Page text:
http://www.aircraftspruce.com/catalog/pspages/aerophcoastflash.php?gclid=EAIaIQobChMIx5j6xf7k2AIVh7fACh0xZAGeEAQYAiABEgLB7vD_BwE

It has a separate button with a different texture for the red LED.   This is my backup light now.

 26 
 on: January 19, 2018, 05:25:46 PM 
Started by Geber - Last post by Geber
Thanks for the suggestions so far. The white light comments seem to be not-to-inconsistent with what I've read, that green is a good choice because the eye is most sensitive to it, so the lowest amount of light can be used if it's green. I've also read that for red to really have a negligible effect on night vision, it would have to be so far toward the longer wavelengths that you could hardly see it.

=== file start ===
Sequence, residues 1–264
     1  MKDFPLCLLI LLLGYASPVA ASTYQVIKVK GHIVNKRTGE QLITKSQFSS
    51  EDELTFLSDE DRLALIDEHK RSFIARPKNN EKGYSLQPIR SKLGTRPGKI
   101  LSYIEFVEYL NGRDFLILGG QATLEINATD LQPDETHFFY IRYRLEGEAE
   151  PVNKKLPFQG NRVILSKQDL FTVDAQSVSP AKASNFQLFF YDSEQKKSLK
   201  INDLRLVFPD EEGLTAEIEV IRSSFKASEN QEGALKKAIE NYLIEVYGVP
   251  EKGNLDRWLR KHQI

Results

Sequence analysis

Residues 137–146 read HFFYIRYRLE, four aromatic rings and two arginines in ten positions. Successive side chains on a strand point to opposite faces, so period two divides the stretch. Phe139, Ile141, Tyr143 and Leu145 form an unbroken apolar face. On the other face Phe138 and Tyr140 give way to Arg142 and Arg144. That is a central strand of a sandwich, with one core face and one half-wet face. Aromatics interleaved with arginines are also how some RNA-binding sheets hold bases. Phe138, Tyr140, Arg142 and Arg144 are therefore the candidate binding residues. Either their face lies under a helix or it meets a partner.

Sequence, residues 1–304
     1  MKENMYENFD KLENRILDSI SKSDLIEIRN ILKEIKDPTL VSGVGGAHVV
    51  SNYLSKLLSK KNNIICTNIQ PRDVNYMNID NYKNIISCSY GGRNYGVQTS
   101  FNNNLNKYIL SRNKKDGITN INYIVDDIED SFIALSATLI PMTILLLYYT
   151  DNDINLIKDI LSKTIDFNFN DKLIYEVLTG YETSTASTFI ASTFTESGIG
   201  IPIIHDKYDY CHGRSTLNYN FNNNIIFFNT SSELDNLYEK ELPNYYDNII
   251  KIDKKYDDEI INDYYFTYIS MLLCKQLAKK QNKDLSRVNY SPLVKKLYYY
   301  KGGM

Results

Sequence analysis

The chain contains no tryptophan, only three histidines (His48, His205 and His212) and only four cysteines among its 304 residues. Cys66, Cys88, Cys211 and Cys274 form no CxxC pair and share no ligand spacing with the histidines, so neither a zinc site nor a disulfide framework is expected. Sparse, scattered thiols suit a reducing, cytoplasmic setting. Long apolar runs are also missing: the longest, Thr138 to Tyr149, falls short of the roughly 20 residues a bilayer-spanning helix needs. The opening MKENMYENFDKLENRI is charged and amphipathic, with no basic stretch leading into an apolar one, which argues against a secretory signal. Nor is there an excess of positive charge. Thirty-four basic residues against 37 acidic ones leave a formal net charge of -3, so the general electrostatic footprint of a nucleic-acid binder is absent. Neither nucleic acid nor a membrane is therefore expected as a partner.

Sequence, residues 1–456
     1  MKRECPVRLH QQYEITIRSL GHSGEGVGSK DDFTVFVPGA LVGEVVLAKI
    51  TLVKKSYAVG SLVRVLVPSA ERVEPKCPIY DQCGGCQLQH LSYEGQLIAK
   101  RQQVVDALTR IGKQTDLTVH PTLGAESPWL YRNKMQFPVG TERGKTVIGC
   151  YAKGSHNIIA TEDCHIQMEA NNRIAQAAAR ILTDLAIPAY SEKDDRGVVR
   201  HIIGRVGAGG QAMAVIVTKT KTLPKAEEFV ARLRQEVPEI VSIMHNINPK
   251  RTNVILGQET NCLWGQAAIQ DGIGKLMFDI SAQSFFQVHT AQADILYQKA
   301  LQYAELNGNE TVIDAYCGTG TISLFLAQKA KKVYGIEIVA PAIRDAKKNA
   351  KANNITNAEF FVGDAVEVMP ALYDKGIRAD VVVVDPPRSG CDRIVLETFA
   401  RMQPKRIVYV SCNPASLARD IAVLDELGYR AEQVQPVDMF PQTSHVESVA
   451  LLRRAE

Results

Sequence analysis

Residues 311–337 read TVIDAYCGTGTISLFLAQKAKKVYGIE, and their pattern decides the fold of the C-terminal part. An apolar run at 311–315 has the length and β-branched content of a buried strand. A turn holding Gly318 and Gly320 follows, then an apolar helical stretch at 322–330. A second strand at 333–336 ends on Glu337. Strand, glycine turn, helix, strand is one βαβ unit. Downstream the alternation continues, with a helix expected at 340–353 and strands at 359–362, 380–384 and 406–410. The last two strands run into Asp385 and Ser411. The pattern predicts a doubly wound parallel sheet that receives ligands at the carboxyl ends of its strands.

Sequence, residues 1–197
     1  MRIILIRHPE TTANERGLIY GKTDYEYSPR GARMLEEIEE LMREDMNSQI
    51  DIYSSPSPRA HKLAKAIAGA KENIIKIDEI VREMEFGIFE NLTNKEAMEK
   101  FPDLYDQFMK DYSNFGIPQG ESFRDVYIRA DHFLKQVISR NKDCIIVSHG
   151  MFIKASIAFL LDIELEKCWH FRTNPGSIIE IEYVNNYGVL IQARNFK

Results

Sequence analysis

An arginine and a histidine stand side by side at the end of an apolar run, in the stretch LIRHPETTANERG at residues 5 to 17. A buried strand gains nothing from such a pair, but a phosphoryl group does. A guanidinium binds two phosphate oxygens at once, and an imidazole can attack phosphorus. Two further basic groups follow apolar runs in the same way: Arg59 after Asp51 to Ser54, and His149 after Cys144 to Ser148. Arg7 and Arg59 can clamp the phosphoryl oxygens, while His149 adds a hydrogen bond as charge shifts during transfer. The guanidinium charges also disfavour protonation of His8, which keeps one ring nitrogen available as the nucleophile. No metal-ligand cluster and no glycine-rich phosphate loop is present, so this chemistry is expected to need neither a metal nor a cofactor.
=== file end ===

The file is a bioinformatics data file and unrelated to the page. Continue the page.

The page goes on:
When I read Spam's comments about pulse width modulation and cheap, the first thought that popped into my head was radio frequency interference, which we would like to avoid.

 27 
 on: January 19, 2018, 04:25:15 PM 
Started by Geber - Last post by Spam

As a working human factors engineer who designs cockpits for NVG compatibility (among other things such as symbology and control design) you've warmed my heart, Blanding. This might be my favorite post yet in Captalk. Quoting 1472, forsooth! (I was one of the contributing authors to rev. E and up).